• That is the worst part isn’t it? In the end, it will be the end. In a lot of ways, LOST has ruined TV for me. I spend a lot of time trying to find a show to replace that feeling of mystery you get when you watch this show. You spend so much time trying to figure out the mystery that you become emotionally invested in it. I’ve always felt, in a lot of ways, the characters mirror us, the viewers. We’re all trying to figure it out and we take the journey together.

        I mean really, what other show causes you to do so much research? I can’t tell you the hours I’ve spent just recently reading about every Egyptian god because of some TV show. But, they are hours well spent.

        • Again, as corny as it sounds, LOST is an allegory for so much more, Mike, and you’re absolutely right to point out that it’s a social commentary in which we, the audience, are not only along for the ride, but are part of the story. It’s undeniable and accurate. And even though I adore LOST, I’m actually looking forward to its conclusion. After six years, I’m at the point where I need resolution — closure.

  15. Yeah, I hear you on that. I know I have an issue doing that with movies and I think I did that this past week with the Richard episode. After awhile I can enjoy it but originally I was disappoined because I wanted more and didn’t really care about his whole love story. However, when we ahd the Ben episode, I was pumped to watch it and was not at all disappointed with that one, so who knows. I’m not sure what I was expecting for this Richard episode but I know initially I was disappointed but I think that’s mainly due to myself overhyping it in my head.

  16. Of course. I spoke to a friend of mine about the episode, and he and I agreed it’s a shame we didn’t get Richard’s Black Rock story in a previous season, and in this season perhaps we get the back story of his tryst with Jacob. I think it could have been handled differently, but so be it.

  17. Ok, so some food for thought here:

    While rewatching the finale of season 5, some things dawned on me. First, we see this season that Jacob knows how to fight and is willing to defend himself so why didn’t he fight back when Ben was about to stab him? I know he was hoping that Ben wouldn’t but still, unless Jacob wanted to die for a undisclosed reason, it would appear he could have fought back easily and at the vert least disarmed Ben and made the loophole useless.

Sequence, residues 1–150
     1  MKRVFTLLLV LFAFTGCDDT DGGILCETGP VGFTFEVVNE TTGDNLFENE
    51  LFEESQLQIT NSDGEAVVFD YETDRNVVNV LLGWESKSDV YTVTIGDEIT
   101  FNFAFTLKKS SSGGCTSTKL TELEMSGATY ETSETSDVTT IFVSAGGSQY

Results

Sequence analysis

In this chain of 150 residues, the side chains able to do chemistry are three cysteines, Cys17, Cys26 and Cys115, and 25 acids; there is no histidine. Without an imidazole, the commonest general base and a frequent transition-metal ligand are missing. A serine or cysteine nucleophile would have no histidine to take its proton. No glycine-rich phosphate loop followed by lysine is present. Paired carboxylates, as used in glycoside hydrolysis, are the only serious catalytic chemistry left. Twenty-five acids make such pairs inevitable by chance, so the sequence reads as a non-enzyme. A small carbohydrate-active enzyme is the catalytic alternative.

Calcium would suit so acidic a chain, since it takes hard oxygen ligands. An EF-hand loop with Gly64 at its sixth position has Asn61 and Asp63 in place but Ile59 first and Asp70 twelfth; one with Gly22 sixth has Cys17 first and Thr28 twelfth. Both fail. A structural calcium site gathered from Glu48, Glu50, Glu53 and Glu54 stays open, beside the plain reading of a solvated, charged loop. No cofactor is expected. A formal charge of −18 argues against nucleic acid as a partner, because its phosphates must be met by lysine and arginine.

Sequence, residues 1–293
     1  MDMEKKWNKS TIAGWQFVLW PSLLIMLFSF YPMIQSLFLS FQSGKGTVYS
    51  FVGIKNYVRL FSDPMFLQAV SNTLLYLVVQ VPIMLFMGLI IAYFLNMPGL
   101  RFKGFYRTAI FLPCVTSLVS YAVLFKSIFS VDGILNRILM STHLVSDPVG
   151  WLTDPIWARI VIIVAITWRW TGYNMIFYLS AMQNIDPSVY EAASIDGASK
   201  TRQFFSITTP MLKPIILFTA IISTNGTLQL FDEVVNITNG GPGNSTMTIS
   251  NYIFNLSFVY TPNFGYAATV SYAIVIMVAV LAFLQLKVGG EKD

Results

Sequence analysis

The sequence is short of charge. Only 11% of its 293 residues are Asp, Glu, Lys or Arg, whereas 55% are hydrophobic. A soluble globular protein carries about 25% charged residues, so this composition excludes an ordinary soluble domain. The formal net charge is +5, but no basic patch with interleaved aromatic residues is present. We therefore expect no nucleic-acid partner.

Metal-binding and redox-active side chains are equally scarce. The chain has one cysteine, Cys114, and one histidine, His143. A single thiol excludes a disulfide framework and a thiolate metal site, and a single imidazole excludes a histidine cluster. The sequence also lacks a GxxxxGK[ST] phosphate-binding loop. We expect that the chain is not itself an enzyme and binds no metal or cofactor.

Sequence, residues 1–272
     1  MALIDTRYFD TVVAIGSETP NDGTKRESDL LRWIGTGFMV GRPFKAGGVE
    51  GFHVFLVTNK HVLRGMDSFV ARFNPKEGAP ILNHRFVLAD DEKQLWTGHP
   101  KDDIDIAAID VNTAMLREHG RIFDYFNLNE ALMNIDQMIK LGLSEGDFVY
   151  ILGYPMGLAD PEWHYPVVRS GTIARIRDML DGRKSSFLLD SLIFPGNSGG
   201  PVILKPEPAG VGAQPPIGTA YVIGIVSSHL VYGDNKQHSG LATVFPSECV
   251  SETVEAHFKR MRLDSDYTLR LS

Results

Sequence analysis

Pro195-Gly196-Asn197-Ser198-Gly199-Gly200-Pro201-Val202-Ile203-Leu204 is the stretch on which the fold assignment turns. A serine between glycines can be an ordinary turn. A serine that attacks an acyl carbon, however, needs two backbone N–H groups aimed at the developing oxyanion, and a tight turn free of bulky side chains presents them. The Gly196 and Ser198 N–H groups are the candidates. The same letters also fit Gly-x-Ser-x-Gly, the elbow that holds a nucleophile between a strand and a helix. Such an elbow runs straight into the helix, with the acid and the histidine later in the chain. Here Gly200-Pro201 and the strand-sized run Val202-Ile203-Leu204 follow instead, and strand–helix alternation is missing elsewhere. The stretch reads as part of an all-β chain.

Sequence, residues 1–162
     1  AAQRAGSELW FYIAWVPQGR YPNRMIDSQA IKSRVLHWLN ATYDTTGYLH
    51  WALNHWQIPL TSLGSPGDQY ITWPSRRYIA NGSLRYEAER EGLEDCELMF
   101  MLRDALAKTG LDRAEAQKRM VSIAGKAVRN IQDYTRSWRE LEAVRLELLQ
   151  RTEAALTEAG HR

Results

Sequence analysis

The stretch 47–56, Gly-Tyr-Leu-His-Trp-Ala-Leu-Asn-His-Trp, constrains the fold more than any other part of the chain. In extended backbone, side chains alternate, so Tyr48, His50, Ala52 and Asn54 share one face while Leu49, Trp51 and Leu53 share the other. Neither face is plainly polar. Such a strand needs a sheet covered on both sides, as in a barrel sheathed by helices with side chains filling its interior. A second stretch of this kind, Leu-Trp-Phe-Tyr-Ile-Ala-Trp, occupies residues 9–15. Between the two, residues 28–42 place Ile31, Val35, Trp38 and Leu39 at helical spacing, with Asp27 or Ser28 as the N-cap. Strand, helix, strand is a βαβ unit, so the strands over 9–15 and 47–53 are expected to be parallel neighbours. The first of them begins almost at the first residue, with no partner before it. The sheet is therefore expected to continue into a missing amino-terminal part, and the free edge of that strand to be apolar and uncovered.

Second, after Jacob gets stabbed he says “they’re coming” to which FLocke hears it and then kicks Jacob into the fire. Was Jacob talking about Widmore maybe? Might explain why FLocke got mad when he heard Jacob say that.

    Third, I think Jacob’s replacement is going to be Jack. Why? Because it appears that out of all the Losties, Jacob really wants Jack to understand why he’s there or at least to know that he has a purpose, a.k.a the lighthouse episode. I think if anything that Jack becomes Jacob and that Hurley takes over for Richard. I know Hurley has direct communication to Jacob but it seems like Jacob really has a vested interest in Jack (and making sure Hurley guides Jack) so that’s why I lean towards Jack being his replacement. Hurley isn’t going through any emotional or pyschological barriers like Jack is so I think all of this is shaping Jack to become Jacob.

    Just some more fuel to the fire. Keep on burning.

    • First, you’ve got to remember that Jacob’s made it clear he’s all about letting people make the “right” choice. He couldn’t stop Ben. It would fly in the face of what he believes. What’s more, he said he hoped Ben would make the right choice, which is actually admirable.

      Second, yes, he must have meant Widmore. At least at this point, it would appear to be the only “they” in question.